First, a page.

1. a universally unique identifier (uuid) for the document
  2. a reference to the index where the document will be saved
filter {

    uuid {
        target => "@uuid"
    }

    mutate {
        add_field => {
            "collection" => "elasticsearch.cyphon.%{type}"
        }
    }
}

When the document is saved, %{type} will be replaced by the document_type we specified in the Filebeat prospector, so the collection will be “elasticsearch.cyphon.snort”.

Output

Finally, we need to tell Logstash where to send the parsed messages. Our Logstash output configuration will:

  1. save the message in a time-stamped Elasticsearch index
  2. use the @uuid field as the Elasticsearch document id
  3. send a copy of the message to Cyphon for inspection by Watchdogs
output {

    # save events to Elasticsearch with the uuid as the document id
    elasticsearch {
        hosts => ["elasticsearch"]
        index => "cyphon-%{+YYYY-MM-dd}"
        document_id => "%{@uuid}"
    }

    # send Snort messages to Cyphon Watchdogs via RabbitMQ
    if [type] == "snort" {
        rabbitmq {
            host => "rabbit"
            port => 5672
            exchange => "cyphon"
            exchange_type => "direct"
            key => "watchdogs"
            user => "guest"
            password => "guest"
            vhost => "cyphon"
            durable => true
            persistent => true
        }
    }
}

Step 3: Cyphon

Although we’re using Logstash to parse and store our logs, we need to let Cyphon know a bit about what’s happening.

Container

../_images/container1.png

We can tell Cyphon what fields of the document are important to us by creating a Container for those fields. We’re not performing any extra analyses on the document, so we don’t need a Label for the Container, just a Bottle.

Let’s revisit our parsed document:

{
    "sys_timestamp": "2017-05-16T13:00:15.000Z",
    "host": "whimsy",
    "generator_id": 1,
    "signature_id": 469,
    "signature": "ICMP PING NMAP",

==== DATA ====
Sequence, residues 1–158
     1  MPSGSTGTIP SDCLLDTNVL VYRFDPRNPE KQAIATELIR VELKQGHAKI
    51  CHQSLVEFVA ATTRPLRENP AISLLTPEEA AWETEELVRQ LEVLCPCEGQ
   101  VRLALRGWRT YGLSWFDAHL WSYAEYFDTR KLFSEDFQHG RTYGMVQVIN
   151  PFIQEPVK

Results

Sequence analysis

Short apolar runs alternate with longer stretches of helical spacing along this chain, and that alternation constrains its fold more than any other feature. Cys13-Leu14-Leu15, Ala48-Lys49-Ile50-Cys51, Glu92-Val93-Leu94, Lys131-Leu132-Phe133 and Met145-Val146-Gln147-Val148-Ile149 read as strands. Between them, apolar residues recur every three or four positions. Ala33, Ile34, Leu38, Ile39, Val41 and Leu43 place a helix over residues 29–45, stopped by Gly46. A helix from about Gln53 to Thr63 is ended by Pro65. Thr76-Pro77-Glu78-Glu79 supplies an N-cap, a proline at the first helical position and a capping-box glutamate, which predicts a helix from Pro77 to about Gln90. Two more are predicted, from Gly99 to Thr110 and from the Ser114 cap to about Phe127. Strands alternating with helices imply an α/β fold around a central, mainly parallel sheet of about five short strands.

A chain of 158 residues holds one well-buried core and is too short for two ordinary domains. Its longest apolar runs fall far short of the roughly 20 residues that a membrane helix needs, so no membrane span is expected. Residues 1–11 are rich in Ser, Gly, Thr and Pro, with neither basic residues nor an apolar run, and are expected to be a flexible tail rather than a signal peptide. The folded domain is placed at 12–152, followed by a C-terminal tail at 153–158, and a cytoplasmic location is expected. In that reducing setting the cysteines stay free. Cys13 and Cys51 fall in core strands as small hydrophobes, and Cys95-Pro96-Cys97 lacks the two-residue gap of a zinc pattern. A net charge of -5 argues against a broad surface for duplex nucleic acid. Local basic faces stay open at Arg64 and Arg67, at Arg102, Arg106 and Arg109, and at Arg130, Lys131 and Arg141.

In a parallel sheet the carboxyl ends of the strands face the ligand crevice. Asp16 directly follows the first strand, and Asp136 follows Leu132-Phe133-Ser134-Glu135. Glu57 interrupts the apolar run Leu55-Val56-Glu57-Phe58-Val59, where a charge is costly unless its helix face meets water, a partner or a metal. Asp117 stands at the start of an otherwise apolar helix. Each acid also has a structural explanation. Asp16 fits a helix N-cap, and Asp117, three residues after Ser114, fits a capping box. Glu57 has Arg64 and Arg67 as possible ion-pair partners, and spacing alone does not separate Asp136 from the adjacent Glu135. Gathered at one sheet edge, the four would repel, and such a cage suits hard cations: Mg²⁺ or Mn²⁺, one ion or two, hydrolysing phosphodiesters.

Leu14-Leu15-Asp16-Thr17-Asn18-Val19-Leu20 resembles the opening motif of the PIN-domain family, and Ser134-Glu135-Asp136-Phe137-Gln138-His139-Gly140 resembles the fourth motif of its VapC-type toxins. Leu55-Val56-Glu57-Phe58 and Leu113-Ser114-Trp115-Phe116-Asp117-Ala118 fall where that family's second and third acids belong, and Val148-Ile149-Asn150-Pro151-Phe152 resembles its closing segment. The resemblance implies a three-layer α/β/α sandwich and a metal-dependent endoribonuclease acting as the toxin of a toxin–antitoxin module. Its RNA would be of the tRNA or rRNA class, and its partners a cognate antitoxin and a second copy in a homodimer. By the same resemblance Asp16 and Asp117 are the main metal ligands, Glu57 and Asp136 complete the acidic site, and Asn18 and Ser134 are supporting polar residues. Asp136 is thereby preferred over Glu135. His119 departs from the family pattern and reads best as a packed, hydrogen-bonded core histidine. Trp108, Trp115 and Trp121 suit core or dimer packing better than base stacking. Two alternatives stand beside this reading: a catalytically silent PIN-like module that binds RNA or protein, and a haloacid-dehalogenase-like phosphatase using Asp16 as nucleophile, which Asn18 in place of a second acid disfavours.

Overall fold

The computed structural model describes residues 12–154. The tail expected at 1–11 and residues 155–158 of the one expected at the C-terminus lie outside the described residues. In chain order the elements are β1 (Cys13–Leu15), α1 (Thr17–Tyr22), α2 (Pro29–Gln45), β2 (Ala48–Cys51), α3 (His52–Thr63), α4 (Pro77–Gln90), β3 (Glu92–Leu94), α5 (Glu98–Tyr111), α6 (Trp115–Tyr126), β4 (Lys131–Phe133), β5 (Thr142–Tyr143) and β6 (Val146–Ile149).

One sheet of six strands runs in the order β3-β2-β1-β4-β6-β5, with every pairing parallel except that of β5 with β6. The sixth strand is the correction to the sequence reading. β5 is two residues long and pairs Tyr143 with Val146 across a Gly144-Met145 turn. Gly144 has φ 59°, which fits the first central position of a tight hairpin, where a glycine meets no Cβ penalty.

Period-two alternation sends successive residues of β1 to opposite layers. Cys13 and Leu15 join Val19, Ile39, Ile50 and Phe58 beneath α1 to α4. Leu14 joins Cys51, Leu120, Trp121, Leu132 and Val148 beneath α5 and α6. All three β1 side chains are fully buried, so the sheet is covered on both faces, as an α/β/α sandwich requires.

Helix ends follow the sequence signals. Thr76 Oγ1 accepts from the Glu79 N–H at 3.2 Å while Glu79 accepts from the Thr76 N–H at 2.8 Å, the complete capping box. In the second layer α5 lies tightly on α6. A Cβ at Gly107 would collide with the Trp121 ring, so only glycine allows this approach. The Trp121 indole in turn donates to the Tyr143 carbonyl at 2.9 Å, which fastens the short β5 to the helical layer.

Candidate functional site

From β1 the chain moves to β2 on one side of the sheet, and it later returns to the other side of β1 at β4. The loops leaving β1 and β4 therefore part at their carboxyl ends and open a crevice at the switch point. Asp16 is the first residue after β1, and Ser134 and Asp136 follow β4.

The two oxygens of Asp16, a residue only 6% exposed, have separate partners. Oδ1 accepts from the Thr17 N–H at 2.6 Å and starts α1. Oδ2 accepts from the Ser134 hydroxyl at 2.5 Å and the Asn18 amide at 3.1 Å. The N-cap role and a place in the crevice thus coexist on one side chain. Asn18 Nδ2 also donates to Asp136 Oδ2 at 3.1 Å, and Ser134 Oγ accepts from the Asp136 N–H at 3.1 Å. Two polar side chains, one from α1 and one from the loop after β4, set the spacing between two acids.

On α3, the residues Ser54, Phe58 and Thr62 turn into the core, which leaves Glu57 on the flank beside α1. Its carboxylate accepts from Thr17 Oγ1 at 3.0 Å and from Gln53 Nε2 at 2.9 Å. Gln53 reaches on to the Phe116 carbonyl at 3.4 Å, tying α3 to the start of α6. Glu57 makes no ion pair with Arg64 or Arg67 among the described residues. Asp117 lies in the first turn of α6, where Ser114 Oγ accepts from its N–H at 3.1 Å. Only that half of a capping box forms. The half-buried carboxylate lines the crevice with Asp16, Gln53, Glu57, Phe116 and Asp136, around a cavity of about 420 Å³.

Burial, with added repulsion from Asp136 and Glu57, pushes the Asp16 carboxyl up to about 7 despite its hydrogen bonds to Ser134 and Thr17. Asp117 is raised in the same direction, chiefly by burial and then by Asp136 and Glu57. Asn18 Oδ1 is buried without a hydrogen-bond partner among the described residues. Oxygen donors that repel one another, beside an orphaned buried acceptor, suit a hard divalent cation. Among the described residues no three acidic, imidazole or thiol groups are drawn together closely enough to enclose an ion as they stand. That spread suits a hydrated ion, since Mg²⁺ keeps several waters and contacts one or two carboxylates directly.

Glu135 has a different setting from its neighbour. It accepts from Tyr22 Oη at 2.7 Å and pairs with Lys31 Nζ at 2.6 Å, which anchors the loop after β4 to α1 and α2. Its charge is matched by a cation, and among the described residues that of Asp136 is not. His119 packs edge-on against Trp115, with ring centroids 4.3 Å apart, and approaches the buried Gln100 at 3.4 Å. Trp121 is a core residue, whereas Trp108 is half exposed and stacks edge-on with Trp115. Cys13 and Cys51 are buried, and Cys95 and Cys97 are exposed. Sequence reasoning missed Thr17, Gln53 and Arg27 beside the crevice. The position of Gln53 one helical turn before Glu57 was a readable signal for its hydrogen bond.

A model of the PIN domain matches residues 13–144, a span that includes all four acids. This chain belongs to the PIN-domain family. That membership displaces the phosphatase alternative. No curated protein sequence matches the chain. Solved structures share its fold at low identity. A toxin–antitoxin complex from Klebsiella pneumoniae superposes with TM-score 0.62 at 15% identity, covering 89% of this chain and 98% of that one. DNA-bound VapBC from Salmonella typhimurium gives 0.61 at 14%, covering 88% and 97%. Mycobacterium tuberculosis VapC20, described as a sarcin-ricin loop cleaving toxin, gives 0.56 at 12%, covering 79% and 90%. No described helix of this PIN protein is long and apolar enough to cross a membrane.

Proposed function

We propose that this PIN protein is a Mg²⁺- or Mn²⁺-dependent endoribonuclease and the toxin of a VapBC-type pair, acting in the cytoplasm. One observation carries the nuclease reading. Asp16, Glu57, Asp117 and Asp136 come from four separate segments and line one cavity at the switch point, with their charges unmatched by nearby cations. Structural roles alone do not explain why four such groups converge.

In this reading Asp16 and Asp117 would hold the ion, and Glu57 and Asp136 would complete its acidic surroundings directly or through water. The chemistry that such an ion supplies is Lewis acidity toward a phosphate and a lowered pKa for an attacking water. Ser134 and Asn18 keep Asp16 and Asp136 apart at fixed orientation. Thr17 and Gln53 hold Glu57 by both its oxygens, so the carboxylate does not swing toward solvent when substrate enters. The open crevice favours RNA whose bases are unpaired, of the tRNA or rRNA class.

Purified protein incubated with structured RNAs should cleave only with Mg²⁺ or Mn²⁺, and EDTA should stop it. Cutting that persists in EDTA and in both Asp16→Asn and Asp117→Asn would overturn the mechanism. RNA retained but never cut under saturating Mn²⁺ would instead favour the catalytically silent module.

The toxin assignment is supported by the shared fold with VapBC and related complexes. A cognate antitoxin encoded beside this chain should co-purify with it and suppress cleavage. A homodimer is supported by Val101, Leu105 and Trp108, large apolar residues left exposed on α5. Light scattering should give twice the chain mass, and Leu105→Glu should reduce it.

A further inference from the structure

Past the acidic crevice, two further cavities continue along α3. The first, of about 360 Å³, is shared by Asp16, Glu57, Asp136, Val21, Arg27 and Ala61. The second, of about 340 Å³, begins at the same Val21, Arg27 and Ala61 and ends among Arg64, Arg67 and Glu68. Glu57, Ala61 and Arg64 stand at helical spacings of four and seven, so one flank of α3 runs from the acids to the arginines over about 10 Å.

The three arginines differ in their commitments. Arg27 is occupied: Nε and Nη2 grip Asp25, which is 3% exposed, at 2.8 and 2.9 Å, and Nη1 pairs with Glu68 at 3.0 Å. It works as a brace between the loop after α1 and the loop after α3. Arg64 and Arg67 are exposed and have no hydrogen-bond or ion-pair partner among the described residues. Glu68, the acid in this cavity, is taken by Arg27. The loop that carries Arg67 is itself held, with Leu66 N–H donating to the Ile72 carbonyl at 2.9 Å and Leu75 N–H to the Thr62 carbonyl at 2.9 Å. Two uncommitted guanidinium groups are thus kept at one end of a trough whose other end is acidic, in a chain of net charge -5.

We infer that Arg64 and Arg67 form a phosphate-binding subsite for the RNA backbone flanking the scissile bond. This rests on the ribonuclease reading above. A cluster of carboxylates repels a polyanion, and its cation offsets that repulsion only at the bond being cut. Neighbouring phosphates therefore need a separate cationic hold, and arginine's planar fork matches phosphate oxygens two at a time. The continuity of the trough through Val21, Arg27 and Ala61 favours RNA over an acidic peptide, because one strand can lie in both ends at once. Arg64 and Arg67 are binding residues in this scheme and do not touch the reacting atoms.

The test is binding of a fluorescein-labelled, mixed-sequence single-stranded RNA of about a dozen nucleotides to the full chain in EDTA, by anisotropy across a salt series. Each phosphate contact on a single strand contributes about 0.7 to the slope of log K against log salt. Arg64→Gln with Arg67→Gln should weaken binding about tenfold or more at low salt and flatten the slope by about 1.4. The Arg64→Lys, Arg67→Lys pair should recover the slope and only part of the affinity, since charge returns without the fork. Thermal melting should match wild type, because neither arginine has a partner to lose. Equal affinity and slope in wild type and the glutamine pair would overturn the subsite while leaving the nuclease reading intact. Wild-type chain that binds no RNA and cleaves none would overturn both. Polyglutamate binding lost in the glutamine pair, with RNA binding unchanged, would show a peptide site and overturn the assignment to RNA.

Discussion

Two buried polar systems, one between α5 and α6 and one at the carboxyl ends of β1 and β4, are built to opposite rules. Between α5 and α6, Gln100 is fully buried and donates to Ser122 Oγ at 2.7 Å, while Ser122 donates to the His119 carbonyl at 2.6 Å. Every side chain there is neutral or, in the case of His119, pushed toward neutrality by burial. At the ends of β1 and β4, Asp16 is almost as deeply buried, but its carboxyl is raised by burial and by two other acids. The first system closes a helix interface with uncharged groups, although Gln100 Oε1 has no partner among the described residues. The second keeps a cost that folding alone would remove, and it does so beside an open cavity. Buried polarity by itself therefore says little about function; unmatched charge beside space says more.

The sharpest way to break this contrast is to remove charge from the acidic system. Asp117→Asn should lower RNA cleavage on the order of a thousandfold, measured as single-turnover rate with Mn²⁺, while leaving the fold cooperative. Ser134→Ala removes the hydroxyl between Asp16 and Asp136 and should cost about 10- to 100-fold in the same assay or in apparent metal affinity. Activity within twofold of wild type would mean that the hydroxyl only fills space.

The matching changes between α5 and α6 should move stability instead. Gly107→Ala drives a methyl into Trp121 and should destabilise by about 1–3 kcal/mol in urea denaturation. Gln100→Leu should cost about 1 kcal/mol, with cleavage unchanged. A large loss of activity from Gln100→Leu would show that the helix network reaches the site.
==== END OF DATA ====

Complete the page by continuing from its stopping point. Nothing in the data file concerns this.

"classification": "Attempted Information Leak",
    "priority": "2",
    "protocol": "ICMP",
    "source_ip": 10.120.66.1,
    "source_port": "0",
    "destination_ip": "10.22.33.106",
    "destination_port": "0"
}

To make a Container for this document, open the “Shaping Data” panel on Cyphon’s main admin page. Create the following BottleFields:

Field Name Field Type Target Type
sys_timestamp DateTimeField DateTime
host CharField  
generator_id CharField  
signature_id CharField  
signature CharField  
classification CharField Keyword
priority CharField  
protocol CharField  
source_ip GenericIPAddressField IPAddress
source_port CharField  
destination_ip GenericIPAddressField IPAddress
destination_port CharField  

Add these BottleFields to a Bottle called “snort”.

Next, create a Container using the “snort” Bottle. Define a Taste for the Container with the following properties:

Taste.author host
Taste.title classification
taste.content signature
taste.datetime sys_timestamp

Note

You could also add a “location” to this Taste by adding a geoip filter to your Logstash configuration and then including the geoip.location field in the “snort” Container. Refer to Cyphondock’s Snort filter and starter fixtures for an example.

Distillery

../_images/distillery2.png

Next, we need to specify where the data is located. To do this, we’ll create a Distillery, which defines the data store and the data schema for our document. The data schema is represented by the Distillery’s Container (which we just created). The data store is represented by the Distillery’s Collection.

Before we create the Collection, we first need to establish a Warehouse for it. You can create the Warehouse by opening the “Storing Data” panel on Cyphon’s main admin page.

The name of the Warehouse will correspond to the name of the index we specified in our Logstash output configuration, which was “cyphon-%{+YYYY-MM-dd}”. However, we won’t include the date in the Warehouse name; instead, we’ll simply name it “cyphon” and set it as a “time series” index. This setting will create a new Elasticsearch index every day, with the current date appended to the Warehouse name.